8 Defining the Available Supply 1400 pumps purchased in 2009 no additions to date!
10 Do We Have Enough Pumps?All Stakeholders need to buy-in to the process…Snapshot of audit on 1/26/2012(5am contact census 923)Vicious Cycle of Distrust:No equipment churnPatient criticality not driving needEquipment not availableAn episode of delayStaff Hoard equipmentTotal in fleet – 1375Entry Points buffer - 359IR, HVC Labs, OR, PACU,L&D & EDsOncology infusionsRemote Locations - 31Ambulatory, PsychDialysis, Pedi Clinic, Urgent careMaintenance Process - 17Pumps in Waiting - 45Material’s pool for distribution1375 (total)- 452 (non-circulating)= 923 Available1500Crisis Calls per Month
11 Defining the DemandData Collection through the call center for materials and Baxter pumpdata on infusions started at entry points over the course of a day.
13 Streamlining the Movement Process Process for units:Rounding 3x dailySafety stock set as a profile for each unit5S storage areas to define storage location of “safety stock”Unused clean equipment placed in green binsUnits looks in green bin or safety stock before calling materials for deliveryProcess for EVS staff:Clean equipment is placed in green bin for pick up(no clean pumps to be left in rooms) Process for SOS alert:Unit leadership or assigned staff person to round as soon as alert issued and check with all staff for unused sigma pumpsPlace unused sigma pumps in green bin and call SRC for pickupProcess for materials staff:Check with charge RN that safety stock (red tape with par number) is filled before removing sigma pumps from unitsCollect equipment from green bin
14 Driving Results through Culture Change In face of rising census the need to call the Service Response Center for pumps has decreased.A plateau in reducing the number of calls for sigma pumps and are look to reinforce rounding and pilot technology to continue the downward trend.14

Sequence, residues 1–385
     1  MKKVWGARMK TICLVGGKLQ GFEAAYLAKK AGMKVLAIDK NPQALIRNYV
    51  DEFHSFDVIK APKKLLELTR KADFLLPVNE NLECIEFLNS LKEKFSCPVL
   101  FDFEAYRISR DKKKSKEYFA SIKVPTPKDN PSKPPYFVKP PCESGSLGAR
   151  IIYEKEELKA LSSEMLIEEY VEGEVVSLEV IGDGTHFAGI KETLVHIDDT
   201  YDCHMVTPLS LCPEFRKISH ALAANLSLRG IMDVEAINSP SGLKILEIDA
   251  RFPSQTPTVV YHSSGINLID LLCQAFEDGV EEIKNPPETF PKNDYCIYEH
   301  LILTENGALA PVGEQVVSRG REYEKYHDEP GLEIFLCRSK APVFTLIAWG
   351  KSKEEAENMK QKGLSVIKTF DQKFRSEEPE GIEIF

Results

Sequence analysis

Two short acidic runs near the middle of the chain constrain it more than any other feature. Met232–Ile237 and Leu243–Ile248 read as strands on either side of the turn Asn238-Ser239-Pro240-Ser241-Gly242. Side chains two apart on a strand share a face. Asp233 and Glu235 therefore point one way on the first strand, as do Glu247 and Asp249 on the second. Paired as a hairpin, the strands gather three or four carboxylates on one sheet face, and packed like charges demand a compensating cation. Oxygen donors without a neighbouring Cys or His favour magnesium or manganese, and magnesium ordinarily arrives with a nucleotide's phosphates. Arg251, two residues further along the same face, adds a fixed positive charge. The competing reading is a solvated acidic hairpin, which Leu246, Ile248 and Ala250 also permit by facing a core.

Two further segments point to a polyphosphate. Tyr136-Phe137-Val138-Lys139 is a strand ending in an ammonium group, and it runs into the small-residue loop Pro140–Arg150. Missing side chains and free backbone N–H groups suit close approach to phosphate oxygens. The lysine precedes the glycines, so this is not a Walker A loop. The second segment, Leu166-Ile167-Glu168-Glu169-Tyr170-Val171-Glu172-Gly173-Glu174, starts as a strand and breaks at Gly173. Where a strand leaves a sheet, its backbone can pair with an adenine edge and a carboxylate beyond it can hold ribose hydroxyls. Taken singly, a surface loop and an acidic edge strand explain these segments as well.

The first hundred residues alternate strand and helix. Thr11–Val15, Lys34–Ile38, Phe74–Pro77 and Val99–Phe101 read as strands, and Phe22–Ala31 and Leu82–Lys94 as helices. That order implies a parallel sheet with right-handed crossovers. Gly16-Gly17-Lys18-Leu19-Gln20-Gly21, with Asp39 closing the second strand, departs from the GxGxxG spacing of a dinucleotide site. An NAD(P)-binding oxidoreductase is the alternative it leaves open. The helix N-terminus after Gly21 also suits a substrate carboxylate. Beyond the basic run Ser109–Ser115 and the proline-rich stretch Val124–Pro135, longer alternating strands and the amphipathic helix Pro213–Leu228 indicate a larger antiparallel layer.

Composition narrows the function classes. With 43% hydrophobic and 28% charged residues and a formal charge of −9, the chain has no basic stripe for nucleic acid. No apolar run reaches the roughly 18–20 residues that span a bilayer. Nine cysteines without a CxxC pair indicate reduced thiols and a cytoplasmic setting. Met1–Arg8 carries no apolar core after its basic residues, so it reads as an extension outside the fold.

15 State Monitoring -> Utilization At Material’s storage location in WP basement ready for shipment to unitUndergoing service at clinical engineeringIn transit for useIn use at patient bedsideNot in use, at patient bedsideNot in use, in green bin or safety stock. Ready for usage by next patient
16 Data Validation PilotRunning: time between the “start infusion” button is pressed and the pump completes drug delivery or is stoppedNot Running: amount of time the pump is not infusingAvailable: amount of time the pump is physically in green bin or safety stockDelivered: amount of time the pump travels from materials storage to a unit before used for an infusionPilot participants: SP 6-1, SP 6-4 and EP 7-7
17 Dashboard Concept – Info @ Front Lines Pilot Studies on clinical units for profile setting of departments.Actionable DataManagement ReportManagers can view multiple floors to see a snapshot of the past 24 hours.
18 Demand is a function of Patient Acuity Worked with units individually to understand flow and patient acuity mix to set the proper PAR levels.SICUNot all units created equal…Step DownORTHO
19 Improved UtilizationTrust of the front line patient care groups feed a process which allows for less “stagnant” assetsStep Down 71.5%SICU 69.6%ORTHO 68%SICU 50.6%Step Down 47.2%ORTHO 41.2%
20 Questions? Chris Gutmann, Director of Clinical Engineering 4/14/2017Questions?Chris Gutmann, Director of Clinical EngineeringIn conjunction with Darcy Hennessey and Brooke Spadaccino (not presenting at HIMSS)